brings together 200+ young social entrepreneurs from diverse backgrounds including Ultra-Orthodox, traditional and secular Jews, Palestinian Muslims and Christians, Ethiopian Israelis, members of the LGBTQ community and others, to work together to build a better future for all of Jerusalem’s diverse inhabitants. They have met the moment through innovation grants to advance civil society social cohesion within and across sectors, trauma relief and mental health support in East Jerusalem, and other efforts to undergird democratic institutions.
Announcing A New Fund
Jewish Democracy in Israel Fund
Donating through Impact Cubed is a quick way to support many efforts on the ground that preserve and advance democracy including those explained below. You may designate your contribution or ask that it be allocated to the greatest need as directed by Impact Cubed advisors for immediate and ongoing impact. 100% of contributions will go to the work of the changemakers on the ground.
Recently, at the moment of the conclusion of Yom Kippur, after the blow of the shofar, we sang together with joy and spirit Next Year in Jerusalem. Our tradition teaches that as we emerge from the day of fasting, reflection and repentance we also emerge with a refocus on that place which inspires hope and possibility, Jerusalem.
So many of us who care deeply about Israel have borne witness to one of the most intense and fraught periods of the country’s 75 years. Hundreds of thousands of Israelis have taken to the streets. While their immediate goal has been protesting a judicial reform that they contend will weaken the checks and balances that are fundamental to democracy, another theme has taken shape—a reclaiming of Zionism, Israeli identity and the values of a Jewish democracy. This new discourse—along with a lot of pain and trauma on all sides that may have previously been sublimated—has manifested across the spectrum of ideological and political points of view.
For the last decade, the Leichtag Foundation has been engaged in grassroots, bottom-up social change work in Jerusalem. We’ve built trusting relationships with hundreds of social entrepreneurs and leaders from all different sectors including Mizrachi Jews, Palestinian Arabs, Ultra Orthodox Jews, Ethiopian Israelis, and many others. While they hold many different identities, they align as Jerusalemites and in their common belief that the city’s diversity is its core creative advantage. With our partners on the ground, and with this belief as our theory of change, we founded the Jerusalem Model seven years ago. The Model now numbers 200+ activists and is recognized to be one of the city’s and the country’s most important leadership incubators and pipelines for civil society as well as for the public sector.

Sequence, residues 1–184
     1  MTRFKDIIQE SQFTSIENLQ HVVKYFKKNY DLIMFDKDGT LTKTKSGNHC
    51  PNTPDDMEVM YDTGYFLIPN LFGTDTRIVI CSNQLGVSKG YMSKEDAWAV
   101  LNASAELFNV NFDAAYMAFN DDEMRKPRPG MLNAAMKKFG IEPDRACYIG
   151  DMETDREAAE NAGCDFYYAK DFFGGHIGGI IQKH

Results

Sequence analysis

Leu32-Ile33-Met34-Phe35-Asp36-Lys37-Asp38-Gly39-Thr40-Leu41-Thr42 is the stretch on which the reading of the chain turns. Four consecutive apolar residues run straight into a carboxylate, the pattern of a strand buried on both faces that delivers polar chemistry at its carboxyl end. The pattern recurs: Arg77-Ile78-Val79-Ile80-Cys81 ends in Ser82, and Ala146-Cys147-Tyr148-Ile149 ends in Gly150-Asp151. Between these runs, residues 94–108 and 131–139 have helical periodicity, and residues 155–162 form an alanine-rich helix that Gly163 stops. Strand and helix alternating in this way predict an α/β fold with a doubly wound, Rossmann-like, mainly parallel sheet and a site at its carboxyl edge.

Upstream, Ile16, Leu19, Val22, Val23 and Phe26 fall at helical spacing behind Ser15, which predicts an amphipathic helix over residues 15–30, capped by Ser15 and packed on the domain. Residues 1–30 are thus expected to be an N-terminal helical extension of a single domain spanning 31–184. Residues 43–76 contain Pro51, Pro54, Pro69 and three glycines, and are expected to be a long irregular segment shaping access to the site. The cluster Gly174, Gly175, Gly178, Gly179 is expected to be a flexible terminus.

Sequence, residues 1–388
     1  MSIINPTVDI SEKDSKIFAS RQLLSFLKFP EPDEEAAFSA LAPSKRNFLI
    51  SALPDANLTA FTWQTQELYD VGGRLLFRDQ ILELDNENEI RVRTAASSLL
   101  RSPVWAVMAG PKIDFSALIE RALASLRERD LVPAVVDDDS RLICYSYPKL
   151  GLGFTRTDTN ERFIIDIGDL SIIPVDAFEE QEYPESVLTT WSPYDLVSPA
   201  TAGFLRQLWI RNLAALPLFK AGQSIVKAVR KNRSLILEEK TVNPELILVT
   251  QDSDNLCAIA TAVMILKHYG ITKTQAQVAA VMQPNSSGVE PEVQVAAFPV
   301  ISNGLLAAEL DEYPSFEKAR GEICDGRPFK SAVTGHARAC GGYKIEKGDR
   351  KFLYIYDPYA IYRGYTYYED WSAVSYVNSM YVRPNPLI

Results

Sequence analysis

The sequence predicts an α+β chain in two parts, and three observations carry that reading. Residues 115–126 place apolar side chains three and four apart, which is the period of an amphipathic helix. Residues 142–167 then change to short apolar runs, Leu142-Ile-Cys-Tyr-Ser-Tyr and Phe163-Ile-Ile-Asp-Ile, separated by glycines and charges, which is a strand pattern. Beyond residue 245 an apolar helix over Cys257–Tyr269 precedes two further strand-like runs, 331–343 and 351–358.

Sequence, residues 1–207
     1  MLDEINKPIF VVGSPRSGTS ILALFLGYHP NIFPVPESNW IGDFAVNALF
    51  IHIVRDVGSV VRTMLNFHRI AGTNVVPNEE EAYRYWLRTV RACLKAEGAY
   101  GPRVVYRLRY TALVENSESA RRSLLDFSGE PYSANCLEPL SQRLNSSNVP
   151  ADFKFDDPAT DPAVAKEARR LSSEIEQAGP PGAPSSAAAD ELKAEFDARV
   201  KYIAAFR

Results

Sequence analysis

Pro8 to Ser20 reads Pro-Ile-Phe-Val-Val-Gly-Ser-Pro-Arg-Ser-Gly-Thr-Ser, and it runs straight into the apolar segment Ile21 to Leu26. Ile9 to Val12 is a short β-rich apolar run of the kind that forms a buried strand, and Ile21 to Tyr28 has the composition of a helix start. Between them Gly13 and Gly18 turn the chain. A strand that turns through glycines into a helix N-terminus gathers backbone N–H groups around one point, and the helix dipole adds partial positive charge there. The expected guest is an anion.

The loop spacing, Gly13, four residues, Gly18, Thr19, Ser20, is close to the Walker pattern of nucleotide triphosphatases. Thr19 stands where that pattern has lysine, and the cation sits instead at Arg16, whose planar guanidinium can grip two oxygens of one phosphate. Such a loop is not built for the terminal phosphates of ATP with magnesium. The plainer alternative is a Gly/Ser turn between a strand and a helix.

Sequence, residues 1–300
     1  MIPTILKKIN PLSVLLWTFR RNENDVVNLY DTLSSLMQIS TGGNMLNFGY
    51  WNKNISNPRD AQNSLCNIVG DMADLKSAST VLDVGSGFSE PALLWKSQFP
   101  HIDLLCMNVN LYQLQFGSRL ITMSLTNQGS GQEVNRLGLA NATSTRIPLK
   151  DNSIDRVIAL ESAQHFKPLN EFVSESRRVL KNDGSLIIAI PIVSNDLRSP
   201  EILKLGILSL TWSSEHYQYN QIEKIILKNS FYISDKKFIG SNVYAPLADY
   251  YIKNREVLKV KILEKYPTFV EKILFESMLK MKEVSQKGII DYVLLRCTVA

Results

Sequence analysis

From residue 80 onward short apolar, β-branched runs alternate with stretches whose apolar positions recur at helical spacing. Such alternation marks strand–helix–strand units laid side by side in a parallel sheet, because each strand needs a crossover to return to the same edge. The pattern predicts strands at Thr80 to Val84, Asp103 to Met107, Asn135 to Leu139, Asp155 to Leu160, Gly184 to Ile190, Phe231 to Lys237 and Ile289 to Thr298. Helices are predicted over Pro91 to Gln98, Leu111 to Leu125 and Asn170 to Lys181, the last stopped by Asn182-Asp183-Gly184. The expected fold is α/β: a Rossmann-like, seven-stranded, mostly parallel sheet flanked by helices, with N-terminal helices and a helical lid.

We’ve always known Jerusalem is both a portender and a microcosm. We’ve always seen Jerusalem as the ultimate crack where the light gets in. Over these 10 years, we’ve built experience navigating painful and divisive issues and narratives, building trust, finding aligned identity that can exist alongside other identities and seeking to restore a common narrative. We’ve put some of these tools to work over the last nine months supporting those who are championing a strong, sustained Jewish democracy while we seek to help rebuild social trust.
Pain, hope and activism can balance in tenuous and sometimes heartbreaking ways. Anger can be misdirected or misinterpreted. We are all too accustomed to libeling the person rather than the policy. This has led to fractures that will take time to undo.
What is happening in Israel is unprecedented. Never before in any social movement have hundreds of thousands shown up for 38 straight weeks and counting to reclaim the values inherent to their country’s Declaration of Independence—values of justice, equity and democracy alongside Jewish peoplehood and belief. Israel may be at the precipice but huge numbers of Israelis are stepping up.
Over the last months, we’ve heard from so many of you—those who care about Israel —asking how you can best make a difference in this existential struggle. Every single person who cares about Jewish democracy has a stake and a role. Now is not the time for silence.
More than any other day on the Jewish calendar, Yom Kippur manifests a sense of belonging and reminds us that we have an inextricable collective stake. We repent in community. We are forgiven in community. Our fates are bound together.